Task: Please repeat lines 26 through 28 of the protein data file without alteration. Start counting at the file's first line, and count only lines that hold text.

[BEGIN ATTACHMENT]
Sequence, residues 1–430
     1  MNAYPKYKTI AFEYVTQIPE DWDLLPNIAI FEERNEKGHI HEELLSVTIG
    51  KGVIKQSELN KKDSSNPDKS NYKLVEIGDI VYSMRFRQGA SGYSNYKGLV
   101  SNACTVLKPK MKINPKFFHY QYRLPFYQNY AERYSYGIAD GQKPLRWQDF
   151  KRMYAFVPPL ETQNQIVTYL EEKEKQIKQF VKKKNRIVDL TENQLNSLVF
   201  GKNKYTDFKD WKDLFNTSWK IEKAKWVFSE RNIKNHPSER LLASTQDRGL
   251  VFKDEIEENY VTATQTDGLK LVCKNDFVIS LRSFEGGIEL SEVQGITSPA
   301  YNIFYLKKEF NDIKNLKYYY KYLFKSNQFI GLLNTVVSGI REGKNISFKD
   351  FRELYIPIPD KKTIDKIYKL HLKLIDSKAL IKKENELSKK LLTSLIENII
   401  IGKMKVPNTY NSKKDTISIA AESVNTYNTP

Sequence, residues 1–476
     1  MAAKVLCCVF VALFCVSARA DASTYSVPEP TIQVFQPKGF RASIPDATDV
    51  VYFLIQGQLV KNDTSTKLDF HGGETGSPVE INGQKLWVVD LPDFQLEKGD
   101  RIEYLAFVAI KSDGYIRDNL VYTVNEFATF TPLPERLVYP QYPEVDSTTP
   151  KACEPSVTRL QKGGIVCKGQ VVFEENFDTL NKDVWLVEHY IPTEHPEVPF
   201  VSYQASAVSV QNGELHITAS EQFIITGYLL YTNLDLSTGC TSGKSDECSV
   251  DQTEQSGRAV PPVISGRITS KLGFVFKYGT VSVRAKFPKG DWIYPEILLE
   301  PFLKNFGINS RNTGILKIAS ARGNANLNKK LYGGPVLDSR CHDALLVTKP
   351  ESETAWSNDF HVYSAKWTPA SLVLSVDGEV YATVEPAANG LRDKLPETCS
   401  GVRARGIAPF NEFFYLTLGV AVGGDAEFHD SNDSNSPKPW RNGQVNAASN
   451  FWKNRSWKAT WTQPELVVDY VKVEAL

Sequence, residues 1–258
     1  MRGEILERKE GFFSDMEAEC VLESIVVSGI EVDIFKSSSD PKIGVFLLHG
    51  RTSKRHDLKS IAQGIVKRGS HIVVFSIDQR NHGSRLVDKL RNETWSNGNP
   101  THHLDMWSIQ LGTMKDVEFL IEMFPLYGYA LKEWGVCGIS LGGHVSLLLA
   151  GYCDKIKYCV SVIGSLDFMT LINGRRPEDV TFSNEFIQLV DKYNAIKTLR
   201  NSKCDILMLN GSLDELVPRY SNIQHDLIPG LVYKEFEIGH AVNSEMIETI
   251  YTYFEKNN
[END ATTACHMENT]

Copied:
   151  GYCDKIKYCV SVIGSLDFMT LINGRRPEDV TFSNEFIQLV DKYNAIKTLR
   201  NSKCDILMLN GSLDELVPRY SNIQHDLIPG LVYKEFEIGH AVNSEMIETI
   251  YTYFEKNN